There’s no doubt many of today’s organisations have successfully delivered projects/programmes using traditional waterfall methodologies e.g., PRINCE2 but as Gandhi described earlier, the needs and expectations of consumers today is all about choice, quickness, and low costs.
“In my previous life when I was a Project Manager for 10 years, I utilised waterfall to successfully delivering many complex projects, so I fully appreciate its merits. However, knowing the velocity of consumer demand, I can also see that a traditional waterfall model is simply not fit-for-purpose in terms of timescales, frequency, approach, techniques and quality,” comments Gandhi.
“It is analogous to using the old paper-based, London street map. Sure you can still use it today to navigate the streets but many people prefer a digital format which is, compact, kept up-to-date and through crowd-power can highlight the best route based on real-time traffic information.”
If waterfall is adopted to successfully deliver a new application/functionality but takes 3 months, then is it a failure? Gandhi believes consumers in an on-demand world expect things now, and if not, expect early sight (such as a beta release).
Adopting a lean approach
Gandhi continues: “Delivery times in the order of months is simply no longer feasible. Furthermore, in those 3 months, there is every chance the original needs to have either branched off, advanced or discontinued.
“Consumers nowadays would rather have an early release within days/weeks so they can ‘get a feel’ and provide early feedback rather than wait for the [perceived to be] finished product many weeks later. This implies a more lean approach is necessary where the bare minimum is implemented to prove a simple or part of the overall concept (aka Minimum Viable Product (MVP)).
“Adopting a lean approach focuses the stakeholders on proving the intended concept which reduces complexity and thus delivery timescales. The most important thing is to prove the concept as quickly as possible and obtain invaluable learnings as they help you determine whether you should progress or ‘pivot’ direction.”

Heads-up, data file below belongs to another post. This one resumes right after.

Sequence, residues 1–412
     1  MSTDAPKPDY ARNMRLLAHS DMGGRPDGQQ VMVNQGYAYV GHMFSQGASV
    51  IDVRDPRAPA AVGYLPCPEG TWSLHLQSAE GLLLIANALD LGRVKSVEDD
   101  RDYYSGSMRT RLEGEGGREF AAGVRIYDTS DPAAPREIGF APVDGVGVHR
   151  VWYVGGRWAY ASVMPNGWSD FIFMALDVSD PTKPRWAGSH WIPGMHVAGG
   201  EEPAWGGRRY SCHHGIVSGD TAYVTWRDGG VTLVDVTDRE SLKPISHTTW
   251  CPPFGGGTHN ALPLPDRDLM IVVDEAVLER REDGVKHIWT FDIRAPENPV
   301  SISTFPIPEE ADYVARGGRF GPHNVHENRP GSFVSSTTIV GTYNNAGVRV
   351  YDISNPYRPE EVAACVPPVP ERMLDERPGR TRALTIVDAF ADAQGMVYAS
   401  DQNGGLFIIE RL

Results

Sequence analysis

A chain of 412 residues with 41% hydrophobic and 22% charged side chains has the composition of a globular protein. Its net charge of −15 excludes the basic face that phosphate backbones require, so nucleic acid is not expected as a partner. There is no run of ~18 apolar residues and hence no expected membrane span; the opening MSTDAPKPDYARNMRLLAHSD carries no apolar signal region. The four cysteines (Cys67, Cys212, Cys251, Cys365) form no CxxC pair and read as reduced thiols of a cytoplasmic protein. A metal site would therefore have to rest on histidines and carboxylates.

Gandhi recommends that building in manageable chunks/iterations/cycles and using the learnings each time to steer you towards the target outcome is representative of today’s consumer habits and this delivery approach is called agile. Because lean and agile allow you to continuously deliver, your delivery teams can build momentum and confidence. Furthermore, not only can you close the gap in meeting consumer needs today, but also in the future as expectations change.
Cloud & automation
As Michael Dell once quoted “ideas are a commodity, delivery is not”. Delivery is a complex business comprising controlled cycles of build, measure and learn. The more the cycles the more you build momentum and learn.
“If lean and agile methodology enables continual innovation, then cloud infrastructure and automation, in turn, support the methodology. We all appreciate public IaaS clouds i.e., Amazon Web Services and Microsoft Azure are platforms comprising some very powerful tools but in this context, the key attributes required for developing in a Lean and Agile manner are choice, freedom and fairness,” Gandhi adds.
“Choice in terms of the countless programming languages, operating systems, database flavours and server a and storage specifications. Freedom to move between these tools at any time without lock-in and fairness, because public clouds only charge you for the resources you consume. Furthermore, build-measure-learn cycles can significantly improve in speed and quality if automation tools are used to support continuous integration, testing, configuration and deployment.”
Gandhi concludes that the success of your business rests in meeting the ever-changing and increasing needs of your customers. “Organisations which transform into digital, continually innovating, customer-driven businesses will positively disrupt (take market share away from their competitors) and thrive,” according to Gandhi.
He also notes that transforming an enterprise organisation will require a strong vision of the future supported by delivery methodologies and technology strategies.
Written by Leah Alger